It is said that WWE does not test for HGH due to all the issues that comes with it. Yet the growth hormone is on the banned substance list. It is understandable if you see the specifics to it broken down like we did above.
The Wrestling Observer reports that you can get away with using in WWE.
“For those who are using [performance-enhancing drugs] to beat WWE testing, the standard stack is to use low doses of testosterone and higher dosages of HGH, because HGH, as far as enhancing a physique and gaining strength, works far better in synergy with a steroid to enhance its effects, and low doses of testosterone can keep one below the 6:1 T:E ratio.”
The newsletter asked around, and was told exactly how some beat the testing.
“Asking around, I was told exactly how they beat the system (GH with low dosages of test, usually taken on Wednesday, that’s out of the system within a few days to beat the tests).”
What is even more revealing is that WWE changed it’s policy to help those with two strikes on the WWE Wellness Policy. They can get their two strikes REMOVED if they enroll in a redemption program. So someone like Randy Orton could very well violate the Wellness Policy again and WWE would be able to protect themselves against releasing him for a year on his third strike because they have this small clause which allows Orton to redeem himself.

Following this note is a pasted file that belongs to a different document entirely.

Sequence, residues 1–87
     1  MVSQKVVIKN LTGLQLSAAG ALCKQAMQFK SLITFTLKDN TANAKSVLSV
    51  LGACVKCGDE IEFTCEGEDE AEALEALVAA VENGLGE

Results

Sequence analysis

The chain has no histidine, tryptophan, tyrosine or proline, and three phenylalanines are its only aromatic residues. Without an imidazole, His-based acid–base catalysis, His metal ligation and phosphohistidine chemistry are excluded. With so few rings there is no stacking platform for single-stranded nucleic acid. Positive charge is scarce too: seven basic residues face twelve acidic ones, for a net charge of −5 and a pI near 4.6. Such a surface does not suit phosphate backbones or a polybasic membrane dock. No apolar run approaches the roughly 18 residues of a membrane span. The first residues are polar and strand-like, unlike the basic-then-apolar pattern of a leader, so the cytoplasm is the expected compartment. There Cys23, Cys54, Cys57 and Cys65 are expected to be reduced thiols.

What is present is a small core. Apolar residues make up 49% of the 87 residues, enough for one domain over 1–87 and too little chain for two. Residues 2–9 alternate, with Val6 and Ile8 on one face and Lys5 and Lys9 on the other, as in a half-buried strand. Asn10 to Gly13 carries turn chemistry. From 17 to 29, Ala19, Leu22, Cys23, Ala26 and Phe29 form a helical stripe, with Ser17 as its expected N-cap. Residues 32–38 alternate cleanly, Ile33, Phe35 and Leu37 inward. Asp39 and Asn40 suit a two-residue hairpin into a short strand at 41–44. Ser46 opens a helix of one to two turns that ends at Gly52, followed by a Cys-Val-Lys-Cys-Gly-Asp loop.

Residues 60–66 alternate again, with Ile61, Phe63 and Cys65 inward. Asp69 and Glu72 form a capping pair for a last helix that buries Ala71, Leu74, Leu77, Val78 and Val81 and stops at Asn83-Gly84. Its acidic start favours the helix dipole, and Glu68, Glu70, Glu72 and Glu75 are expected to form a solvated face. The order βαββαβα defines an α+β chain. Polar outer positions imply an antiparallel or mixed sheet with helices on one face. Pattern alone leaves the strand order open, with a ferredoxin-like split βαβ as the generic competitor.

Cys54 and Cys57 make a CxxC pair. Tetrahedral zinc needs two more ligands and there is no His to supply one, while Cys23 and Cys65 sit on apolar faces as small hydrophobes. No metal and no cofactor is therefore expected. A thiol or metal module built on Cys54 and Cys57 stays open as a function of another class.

They also instituted a program allowing therapeutic usage of banned substances in WWE. Now this could mean several different things. It could mean that they are allowed to use Sudafed (over-the-counter decongestant on the banned substance list), or it could mean the usage of banned drugs with doctor permission such as HGH, testosterone, or steroids.
So is there still a drug problem in WWE? Potentially. The issue is that WWE has a Wellness Policy they tout as one of the best in the business. Yet they still do have several guys who are big. They very well could have gotten bigger on hard work like John Cena, who has not changed much body wise in his 12 years with the company. If he used in that time, we would have noticed a change. However, you have some like a Chris Benoit and Eddie Guerrero who we know used because they started out small and just got bigger and bigger. It comes down to WWE still having a potential drug problem even in 2014, and it is obviously something they need to take care of.
[IMG Credits: webwwe.blog.bg, www.wealthdaily.com, muscleandfitness.com, mirror.co.uk]